The overlapping calls for prayer that crisscross each other at the outset of Radio Muezzin illustrate this explosion of the performance space. The sacred aesthetics of voicing the text of al-adhan are inextricably linked to sacred symbols and forms, and are thus reflected in the laying-out of space. The scenographic dispositif, screened everyday life of Cairo, and the wise deployment of professional muadhinin rather than professional actors, renders the performance a site-specific intervention. The relationship between the performance of the five professionals/non professionals and the morphology of the surrounding atmosphere (be it indoor or outdoor) is complex and intriguing since there is no ‘outside’ of the text. In the performance, the muadhinin performers themselves become the text to be read. The performance becomes a space for these professionals to be seen as they wish to be seen – as functional agents of the society of the Islamic Spectacle that uses non-traditional media such as theatre for preaching. Their narratives and little histories convey to their audiences how their present situation derives from the past, and how the signs that structure and signify the world around them bear witness to the inextricable connection between past and present. It is precisely at this point that conflicting expectations (of director Stefan Kaegi, the technician he selected, and the four muadhinin) threaten the whole project.1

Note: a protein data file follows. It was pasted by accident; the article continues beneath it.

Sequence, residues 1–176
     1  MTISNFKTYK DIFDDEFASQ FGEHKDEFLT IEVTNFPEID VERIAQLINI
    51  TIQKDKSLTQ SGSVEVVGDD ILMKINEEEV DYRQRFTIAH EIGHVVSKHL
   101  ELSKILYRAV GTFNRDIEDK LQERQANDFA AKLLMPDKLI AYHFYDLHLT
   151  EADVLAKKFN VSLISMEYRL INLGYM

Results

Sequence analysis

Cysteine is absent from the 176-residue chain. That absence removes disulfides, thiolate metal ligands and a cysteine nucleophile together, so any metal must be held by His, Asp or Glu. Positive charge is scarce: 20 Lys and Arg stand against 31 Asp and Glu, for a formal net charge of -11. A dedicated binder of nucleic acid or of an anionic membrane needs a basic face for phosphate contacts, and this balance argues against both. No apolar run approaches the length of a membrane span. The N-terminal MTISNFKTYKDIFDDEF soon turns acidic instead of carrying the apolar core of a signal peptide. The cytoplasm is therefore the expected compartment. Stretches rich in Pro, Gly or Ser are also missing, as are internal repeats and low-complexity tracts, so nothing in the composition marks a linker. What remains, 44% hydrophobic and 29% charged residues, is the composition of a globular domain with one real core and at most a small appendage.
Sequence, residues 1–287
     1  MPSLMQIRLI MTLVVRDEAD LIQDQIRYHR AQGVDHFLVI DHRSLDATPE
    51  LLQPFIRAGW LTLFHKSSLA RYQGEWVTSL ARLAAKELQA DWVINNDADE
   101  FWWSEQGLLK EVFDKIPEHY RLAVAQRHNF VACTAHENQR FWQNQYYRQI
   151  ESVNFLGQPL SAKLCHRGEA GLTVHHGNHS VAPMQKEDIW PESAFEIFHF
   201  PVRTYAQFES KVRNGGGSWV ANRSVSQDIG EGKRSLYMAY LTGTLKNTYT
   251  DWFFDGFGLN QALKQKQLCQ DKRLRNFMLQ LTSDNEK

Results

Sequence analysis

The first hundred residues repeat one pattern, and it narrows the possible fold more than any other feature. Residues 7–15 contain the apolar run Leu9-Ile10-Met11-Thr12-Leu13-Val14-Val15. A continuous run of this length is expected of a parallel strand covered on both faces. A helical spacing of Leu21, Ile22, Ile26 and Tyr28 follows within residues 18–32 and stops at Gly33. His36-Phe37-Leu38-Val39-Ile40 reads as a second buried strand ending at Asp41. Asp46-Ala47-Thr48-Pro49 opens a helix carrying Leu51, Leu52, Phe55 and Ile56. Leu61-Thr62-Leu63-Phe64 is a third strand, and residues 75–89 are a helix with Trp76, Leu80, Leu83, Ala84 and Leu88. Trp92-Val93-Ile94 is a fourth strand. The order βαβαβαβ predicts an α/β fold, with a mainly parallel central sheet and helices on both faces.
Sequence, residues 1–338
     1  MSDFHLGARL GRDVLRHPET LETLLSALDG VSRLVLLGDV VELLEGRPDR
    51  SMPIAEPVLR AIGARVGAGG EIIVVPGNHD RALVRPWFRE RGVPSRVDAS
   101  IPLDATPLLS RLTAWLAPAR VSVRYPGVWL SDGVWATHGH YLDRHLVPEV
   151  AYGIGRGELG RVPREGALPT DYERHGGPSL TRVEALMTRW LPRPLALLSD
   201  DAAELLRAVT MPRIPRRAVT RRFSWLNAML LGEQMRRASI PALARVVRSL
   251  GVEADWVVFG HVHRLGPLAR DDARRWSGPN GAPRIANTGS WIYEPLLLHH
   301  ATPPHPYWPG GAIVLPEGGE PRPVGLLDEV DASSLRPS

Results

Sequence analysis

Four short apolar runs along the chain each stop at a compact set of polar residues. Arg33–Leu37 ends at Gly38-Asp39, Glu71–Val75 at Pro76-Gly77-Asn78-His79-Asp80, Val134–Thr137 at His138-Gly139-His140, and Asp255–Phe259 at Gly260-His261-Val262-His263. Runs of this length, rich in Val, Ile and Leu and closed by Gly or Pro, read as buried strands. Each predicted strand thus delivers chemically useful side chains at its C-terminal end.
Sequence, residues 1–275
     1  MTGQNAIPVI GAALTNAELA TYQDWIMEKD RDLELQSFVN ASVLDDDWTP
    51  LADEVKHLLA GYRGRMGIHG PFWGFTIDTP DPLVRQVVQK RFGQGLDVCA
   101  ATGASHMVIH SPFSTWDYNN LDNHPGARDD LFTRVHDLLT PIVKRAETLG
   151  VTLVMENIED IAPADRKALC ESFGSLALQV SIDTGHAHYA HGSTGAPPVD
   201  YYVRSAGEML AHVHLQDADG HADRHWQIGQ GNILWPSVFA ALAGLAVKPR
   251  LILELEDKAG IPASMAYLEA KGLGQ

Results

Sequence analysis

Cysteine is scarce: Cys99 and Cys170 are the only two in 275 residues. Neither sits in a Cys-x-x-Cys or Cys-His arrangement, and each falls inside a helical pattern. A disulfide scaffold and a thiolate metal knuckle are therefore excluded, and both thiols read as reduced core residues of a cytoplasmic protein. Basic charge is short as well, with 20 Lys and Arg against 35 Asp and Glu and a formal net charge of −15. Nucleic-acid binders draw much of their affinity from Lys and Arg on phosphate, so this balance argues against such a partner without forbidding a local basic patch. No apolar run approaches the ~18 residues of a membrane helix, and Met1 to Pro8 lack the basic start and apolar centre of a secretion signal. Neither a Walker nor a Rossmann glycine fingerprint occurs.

The different meanings of this docu-drama are less likely to be found in the experience of its various performances at the HAU, or the different intentions and expectations of the artists and professionals involved in the project, or the reactions of the audiences, than in the mapping of its elements and the discovery of the intersections and interstices that result.

Crossing Islamic and Secular Spaces